This collection of published and unpublished essays connects antiquity with the present by debating the current prohibiting conceptions of performance theory and the insistence on a limited version of ';the contemporary'.The theatre is attractive for its history and also for its lively present. These essays explore aspects of historical performance in ancient Greece, and link thoughts on its significance to wider reflections on cultural theory from around the world and performance in the contemporary postmodern era, concluding with ideas on the new theatre of the diaspora.Each section of the book includes a short introduction; the essays and shorter interventions take various forms, but all are concerned with theatre, with practical aspects of theatre and theoretical dimensions of its study. The subjects range from ancient Greece to the present day, and include speculations on the origin of ancient tragic acting, the kinds of festival performance in ancient Athens, how performance is reflected in the tragic scripts, the significance of the presence of the chorus, technology and the ancient theatre, comparative thinking on Greek, Indian and Japanese theory, a critique of the rhetoric of performance theory and of postmodernism, reflections on modernism and theatre, and on the importance of adaptation to theatre, studies of the theatre and diaspora in Britain.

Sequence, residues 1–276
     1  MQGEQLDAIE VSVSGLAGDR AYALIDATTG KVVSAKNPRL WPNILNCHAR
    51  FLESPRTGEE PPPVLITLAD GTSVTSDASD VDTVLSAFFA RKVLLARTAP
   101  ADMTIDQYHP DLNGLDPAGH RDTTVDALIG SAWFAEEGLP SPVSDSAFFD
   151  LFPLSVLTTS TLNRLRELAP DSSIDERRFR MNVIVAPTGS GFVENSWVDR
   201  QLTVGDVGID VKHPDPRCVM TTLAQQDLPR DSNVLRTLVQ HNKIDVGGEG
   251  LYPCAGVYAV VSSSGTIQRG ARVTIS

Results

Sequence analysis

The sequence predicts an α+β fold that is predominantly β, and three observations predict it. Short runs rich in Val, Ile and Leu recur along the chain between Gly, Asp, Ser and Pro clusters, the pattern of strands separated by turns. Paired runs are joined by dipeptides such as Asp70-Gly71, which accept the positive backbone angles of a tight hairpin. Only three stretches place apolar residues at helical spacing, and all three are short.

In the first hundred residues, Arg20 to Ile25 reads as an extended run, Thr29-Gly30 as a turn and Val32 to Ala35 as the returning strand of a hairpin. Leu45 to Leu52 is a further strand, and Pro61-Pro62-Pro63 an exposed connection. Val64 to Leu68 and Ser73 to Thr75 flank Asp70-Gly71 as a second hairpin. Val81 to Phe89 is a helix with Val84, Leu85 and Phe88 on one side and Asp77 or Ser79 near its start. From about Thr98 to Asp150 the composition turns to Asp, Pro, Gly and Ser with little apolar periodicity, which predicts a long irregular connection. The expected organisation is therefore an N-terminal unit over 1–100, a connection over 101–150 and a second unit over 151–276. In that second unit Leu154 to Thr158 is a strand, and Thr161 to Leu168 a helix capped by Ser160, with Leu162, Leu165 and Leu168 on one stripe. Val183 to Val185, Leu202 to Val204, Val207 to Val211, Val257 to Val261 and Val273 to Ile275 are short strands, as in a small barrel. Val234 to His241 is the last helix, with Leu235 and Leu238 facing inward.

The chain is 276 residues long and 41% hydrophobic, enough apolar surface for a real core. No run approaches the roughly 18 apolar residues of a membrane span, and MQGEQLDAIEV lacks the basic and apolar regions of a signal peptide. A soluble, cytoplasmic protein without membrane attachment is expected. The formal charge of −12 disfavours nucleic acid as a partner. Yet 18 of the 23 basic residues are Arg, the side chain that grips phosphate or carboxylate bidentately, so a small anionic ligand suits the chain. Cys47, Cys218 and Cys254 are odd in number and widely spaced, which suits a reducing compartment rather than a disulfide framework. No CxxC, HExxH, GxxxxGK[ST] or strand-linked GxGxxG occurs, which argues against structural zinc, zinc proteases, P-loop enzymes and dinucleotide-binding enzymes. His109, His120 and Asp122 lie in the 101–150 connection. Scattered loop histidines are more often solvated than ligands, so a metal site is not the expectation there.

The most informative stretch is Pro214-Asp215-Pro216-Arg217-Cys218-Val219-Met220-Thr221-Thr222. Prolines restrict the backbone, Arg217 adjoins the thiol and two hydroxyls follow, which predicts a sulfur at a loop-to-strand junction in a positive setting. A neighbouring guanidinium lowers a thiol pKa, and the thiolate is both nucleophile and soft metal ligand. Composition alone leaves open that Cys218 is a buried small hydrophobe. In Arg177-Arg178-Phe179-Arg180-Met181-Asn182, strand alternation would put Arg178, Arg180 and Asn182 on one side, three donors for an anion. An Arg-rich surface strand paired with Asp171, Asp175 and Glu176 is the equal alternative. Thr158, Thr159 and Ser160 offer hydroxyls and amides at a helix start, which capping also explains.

Ancient Greek and Contemporary Performance
University of Exeter Press